April 24, 2014

Where Do We Stand with SDN's Northbound Interface?

If you have been following SDN you know that there are standards such as OpenFlow that can be used for the southbound interface between the controller and the subtending network elements.  However, there isn't a standard for the North Bound Interface (NBI) between the controller and the business applications and network services that utilize the controller.  Over the last few years, this has been a subject of great debate in the SDN community.  Proponents of standardizing the NBI have argued that there are numerous controllers on the market, each with their own NBI and none of which have significant market share.  Their argument is that the lack of standardization impedes the development of SDN because without standardization application developers won't be very motivated to develop applications for a controller with small market share knowing that they will likely have to modify their application to work on other controllers.  The argument against standardization is that we are so early in the development of SDN that we don't really know what should go into the NBI and hence it makes no sense to standardize it.

To gain some insight into where we stand with NBI I caught up with Sarwar Raza.  Sarwar is the Director of Cloud and SDN within HP Networking's Advanced Technology Group.  He is also the chair of the NBI working group that was formed a few months ago by the Open Networking Foundation (ONF).  The members of the NBI working group include amongst others HP, Microsoft, Ericsson, Radware, Huawei, NEC and Freescale.  The group's charter was outlined in a white paper published by the ONF.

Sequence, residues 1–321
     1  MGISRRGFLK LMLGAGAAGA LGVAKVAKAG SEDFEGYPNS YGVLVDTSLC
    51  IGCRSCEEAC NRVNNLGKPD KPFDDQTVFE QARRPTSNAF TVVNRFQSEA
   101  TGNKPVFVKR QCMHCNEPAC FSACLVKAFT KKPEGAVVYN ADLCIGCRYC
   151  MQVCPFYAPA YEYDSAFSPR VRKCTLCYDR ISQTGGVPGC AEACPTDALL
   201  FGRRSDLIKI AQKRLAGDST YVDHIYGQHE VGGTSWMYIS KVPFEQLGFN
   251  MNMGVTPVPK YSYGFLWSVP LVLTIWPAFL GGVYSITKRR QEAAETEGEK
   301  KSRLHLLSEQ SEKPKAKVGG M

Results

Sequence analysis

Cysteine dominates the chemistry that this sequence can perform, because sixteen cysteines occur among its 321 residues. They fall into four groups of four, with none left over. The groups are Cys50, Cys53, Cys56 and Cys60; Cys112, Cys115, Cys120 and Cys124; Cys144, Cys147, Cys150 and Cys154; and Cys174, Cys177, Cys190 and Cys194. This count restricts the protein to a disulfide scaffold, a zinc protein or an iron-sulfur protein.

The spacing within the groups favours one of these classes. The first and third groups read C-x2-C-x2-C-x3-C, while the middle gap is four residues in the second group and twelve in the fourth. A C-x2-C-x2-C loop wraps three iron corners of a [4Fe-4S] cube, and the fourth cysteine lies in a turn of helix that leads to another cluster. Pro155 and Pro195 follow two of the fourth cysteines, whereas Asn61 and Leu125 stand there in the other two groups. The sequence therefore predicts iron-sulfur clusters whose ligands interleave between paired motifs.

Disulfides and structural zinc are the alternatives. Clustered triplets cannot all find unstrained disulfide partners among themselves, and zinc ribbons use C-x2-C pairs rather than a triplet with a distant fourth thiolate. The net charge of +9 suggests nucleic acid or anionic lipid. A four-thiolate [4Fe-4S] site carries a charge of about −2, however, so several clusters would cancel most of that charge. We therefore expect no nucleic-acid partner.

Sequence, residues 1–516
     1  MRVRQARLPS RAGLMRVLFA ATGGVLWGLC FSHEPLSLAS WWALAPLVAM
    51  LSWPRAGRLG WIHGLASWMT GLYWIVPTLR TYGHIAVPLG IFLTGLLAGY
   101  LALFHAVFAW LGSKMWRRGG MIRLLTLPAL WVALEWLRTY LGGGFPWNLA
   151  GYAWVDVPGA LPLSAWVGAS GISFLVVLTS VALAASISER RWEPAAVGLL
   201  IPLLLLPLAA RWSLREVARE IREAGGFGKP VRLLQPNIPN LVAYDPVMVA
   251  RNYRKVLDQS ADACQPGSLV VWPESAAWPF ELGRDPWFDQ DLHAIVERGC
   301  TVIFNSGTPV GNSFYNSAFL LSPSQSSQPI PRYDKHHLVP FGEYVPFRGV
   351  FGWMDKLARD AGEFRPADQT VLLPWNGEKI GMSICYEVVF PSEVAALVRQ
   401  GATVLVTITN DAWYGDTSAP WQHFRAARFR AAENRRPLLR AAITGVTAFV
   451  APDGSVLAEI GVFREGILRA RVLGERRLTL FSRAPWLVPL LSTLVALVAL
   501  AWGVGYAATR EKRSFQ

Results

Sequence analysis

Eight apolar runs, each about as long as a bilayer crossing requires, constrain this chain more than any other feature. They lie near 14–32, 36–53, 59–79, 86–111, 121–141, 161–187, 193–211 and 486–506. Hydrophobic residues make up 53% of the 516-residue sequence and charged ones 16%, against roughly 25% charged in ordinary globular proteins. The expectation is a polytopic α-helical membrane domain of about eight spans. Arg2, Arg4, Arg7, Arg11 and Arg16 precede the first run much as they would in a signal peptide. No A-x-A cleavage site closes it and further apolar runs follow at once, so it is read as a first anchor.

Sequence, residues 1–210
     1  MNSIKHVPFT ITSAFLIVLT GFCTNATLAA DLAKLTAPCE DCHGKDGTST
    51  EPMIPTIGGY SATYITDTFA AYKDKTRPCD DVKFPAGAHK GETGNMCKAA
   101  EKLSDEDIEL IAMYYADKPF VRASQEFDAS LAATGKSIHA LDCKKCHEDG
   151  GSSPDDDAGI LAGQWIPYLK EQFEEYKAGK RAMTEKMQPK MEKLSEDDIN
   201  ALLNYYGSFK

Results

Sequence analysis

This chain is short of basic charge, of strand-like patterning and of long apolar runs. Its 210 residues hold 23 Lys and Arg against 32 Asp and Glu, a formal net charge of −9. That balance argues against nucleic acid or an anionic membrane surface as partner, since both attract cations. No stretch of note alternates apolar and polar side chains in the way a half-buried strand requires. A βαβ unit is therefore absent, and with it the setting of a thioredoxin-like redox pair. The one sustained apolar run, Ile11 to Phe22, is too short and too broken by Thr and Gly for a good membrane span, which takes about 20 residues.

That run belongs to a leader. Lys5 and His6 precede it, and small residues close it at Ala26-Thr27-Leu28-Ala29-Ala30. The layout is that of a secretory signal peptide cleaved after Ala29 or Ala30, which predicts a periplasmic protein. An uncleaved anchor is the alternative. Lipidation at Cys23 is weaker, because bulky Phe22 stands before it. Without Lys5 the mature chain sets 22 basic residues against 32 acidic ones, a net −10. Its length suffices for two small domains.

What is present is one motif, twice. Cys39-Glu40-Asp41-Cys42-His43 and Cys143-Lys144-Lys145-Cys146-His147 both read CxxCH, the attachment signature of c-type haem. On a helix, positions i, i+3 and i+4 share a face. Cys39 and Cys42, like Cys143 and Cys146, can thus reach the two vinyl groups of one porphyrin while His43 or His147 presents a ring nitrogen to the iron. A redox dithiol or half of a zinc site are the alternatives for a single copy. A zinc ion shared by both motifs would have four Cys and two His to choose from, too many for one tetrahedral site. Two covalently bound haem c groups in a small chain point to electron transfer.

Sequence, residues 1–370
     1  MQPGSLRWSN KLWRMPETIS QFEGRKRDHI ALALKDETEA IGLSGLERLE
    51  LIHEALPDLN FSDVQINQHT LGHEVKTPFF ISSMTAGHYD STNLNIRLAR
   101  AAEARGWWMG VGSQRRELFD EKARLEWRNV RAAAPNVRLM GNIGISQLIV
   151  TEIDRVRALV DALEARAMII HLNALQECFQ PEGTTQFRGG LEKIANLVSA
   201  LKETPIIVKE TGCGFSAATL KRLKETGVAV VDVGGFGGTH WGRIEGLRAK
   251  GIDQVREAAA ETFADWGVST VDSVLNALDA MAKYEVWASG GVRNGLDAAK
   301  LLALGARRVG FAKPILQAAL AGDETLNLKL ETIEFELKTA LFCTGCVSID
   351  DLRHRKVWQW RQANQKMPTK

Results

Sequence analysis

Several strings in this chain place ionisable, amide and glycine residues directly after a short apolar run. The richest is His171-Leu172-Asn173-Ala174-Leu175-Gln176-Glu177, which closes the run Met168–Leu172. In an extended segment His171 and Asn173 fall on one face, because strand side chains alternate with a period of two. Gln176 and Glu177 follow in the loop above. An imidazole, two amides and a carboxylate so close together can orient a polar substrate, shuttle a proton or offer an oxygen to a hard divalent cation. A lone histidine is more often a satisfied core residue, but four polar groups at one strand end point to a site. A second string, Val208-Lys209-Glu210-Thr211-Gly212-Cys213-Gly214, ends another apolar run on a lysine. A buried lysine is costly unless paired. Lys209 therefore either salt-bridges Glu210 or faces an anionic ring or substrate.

The first question I asked Sarwar was about the debate surrounding whether or not to standardize the NBI.  He pointed out that for a year or so there had been a proposal in front of the ONF to standardize the NBI.  The ONF initially responded to the interest in standardizing the NBI by having the ONF architecture working group establish a study group.  It was that study group that was recently promoted to become the NBI working group.  He concluded that given that the members of the ONF recently agreed to establish a NBI working group, this indicates that for at least some members of the SDN community the sentiment is shifting in the direction of standardization. 

I will admit that I thought the goal of the NBI working group was to develop one or more standards for a NBI.  Sarwar pointed out that standardization was not a short term goal of the group and that "Our goal in the next year is to formalize the framework along with the information and data models and then iterate some with code before we even start a standards discussion."

As part of their charter, the NBI working group intends to work with one or more open source initiatives to develop working code for the NBIs that the group aims to put forward for standardization at an appropriate time in the future.  I asked Sarwar if any of the open source initiatives had already agreed to develop code.  He explained that the working group has a good relationship with both the OpenStack and the OpenDaylight initiatives but that when dealing with open source initiatives "There is no magic handshake."  What he meant was that none of the open source initiatives are going to agree in advance to produce code for NBIs that are under development.  What will happen is that after the NBI working group has made some additional progress, they will have detailed technical discussions with multiple open source communities and will see if there is a consensus about developing code.